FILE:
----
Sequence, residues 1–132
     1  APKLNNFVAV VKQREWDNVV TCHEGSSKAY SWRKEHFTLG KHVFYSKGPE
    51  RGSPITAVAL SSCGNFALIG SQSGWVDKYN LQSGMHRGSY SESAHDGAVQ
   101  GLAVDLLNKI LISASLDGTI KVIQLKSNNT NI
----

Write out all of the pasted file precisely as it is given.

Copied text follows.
Sequence, residues 1–132
     1  APKLNNFVAV VKQREWDNVV TCHEGSSKAY SWRKEHFTLG KHVFYSKGPE
    51  RGSPITAVAL SSCGNFALIG SQSGWVDKYN LQSGMHRGSY SESAHDGAVQ
   101  GLAVDLLNKI LISASLDGTI KVIQLKSNNT NI